You can download below the new Constitutional Law publication on the Acts of Union and the Principle of Consent, written by Jamie Bryson with a foreword by Richard Humphreys, High Court Judge of Ireland, writing in a academic and personal capacity. A slightly longer version can also be obtained via Amazon in paperback.
The publication covers a number of key points:
- In his largely dissenting (to the arguments advanced in the publication) contribution, significantly Richard Humphreys- High Court Judge of Ireland- nevertheless makes clear that “nationalist demands for joint authority are wishful thinking” which “fall into the category” of the Belfast Agreement “meaning what people want it to mean as opposed to what it does mean”. He states that joint authority “is not envisaged by the Agreement as it currently stands”.
- The publication provides a detailed defence of unionism’s reliance upon the Acts of Union and the Principle of Consent in resisting the Protocol, arguing that these are “fundamental constitutional rights” and criticises unionist supporters of the Belfast Agreement in 1998 for failing to ensure the constitutional safeguards were not accurately translated into the accompanying legislation.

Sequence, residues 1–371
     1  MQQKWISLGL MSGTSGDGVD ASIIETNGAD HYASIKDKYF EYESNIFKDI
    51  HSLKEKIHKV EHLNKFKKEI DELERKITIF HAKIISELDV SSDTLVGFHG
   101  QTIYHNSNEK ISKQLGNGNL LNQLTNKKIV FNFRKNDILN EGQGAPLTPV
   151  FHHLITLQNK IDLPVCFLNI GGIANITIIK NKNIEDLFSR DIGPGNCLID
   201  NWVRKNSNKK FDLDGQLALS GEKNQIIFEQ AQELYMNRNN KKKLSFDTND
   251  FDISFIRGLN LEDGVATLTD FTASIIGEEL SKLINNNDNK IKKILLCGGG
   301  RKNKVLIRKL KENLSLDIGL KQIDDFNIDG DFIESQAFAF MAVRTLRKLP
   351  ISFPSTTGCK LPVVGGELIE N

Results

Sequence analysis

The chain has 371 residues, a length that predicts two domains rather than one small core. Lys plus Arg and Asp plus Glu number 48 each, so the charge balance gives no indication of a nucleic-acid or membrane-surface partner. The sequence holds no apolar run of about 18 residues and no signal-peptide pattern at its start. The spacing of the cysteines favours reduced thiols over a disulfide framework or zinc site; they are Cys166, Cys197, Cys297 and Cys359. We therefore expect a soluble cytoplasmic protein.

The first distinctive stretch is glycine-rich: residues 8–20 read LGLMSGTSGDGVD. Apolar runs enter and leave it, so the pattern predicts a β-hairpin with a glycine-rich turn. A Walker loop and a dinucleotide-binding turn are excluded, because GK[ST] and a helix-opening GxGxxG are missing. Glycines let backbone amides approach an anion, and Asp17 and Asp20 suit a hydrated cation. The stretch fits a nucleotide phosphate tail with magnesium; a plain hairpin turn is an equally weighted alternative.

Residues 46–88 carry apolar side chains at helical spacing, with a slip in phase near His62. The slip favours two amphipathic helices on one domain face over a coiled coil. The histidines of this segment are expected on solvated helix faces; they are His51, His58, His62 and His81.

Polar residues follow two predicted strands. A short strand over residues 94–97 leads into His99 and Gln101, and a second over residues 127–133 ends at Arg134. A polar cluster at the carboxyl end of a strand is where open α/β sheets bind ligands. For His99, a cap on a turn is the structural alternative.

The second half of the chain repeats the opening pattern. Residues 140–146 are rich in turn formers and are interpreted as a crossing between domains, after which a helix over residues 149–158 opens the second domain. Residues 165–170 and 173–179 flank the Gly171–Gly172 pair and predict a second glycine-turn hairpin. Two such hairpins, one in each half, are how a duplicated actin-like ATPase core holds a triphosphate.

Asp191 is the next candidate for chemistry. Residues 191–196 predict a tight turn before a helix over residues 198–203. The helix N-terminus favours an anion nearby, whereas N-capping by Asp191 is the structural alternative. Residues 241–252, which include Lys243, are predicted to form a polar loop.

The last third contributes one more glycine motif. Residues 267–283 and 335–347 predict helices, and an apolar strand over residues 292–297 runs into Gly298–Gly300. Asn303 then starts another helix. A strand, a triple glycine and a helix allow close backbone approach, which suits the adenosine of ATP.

- By way of solution to the present impasse, the publication emphasises the core issue of removing the application of EU law and the ‘green lane’ which operates as a fetter on internal UK trade. This, it is suggested, can be done by mirroring the citizenship concept in the Belfast Agreement which provides for entitlement without imposition.
- The publication dismisses the suggested solutions being put forward by the Government which would create a duty to, in so far as possible, ensure that any future GB regulations did not further diminish the Acts of Union. It is pointed out that this is not restoring the Acts of Union, but merely amounts to a vague promise not to further diminish it. This, argues the publication, does not provide the basis for a return to power sharing.
You can access the publication here: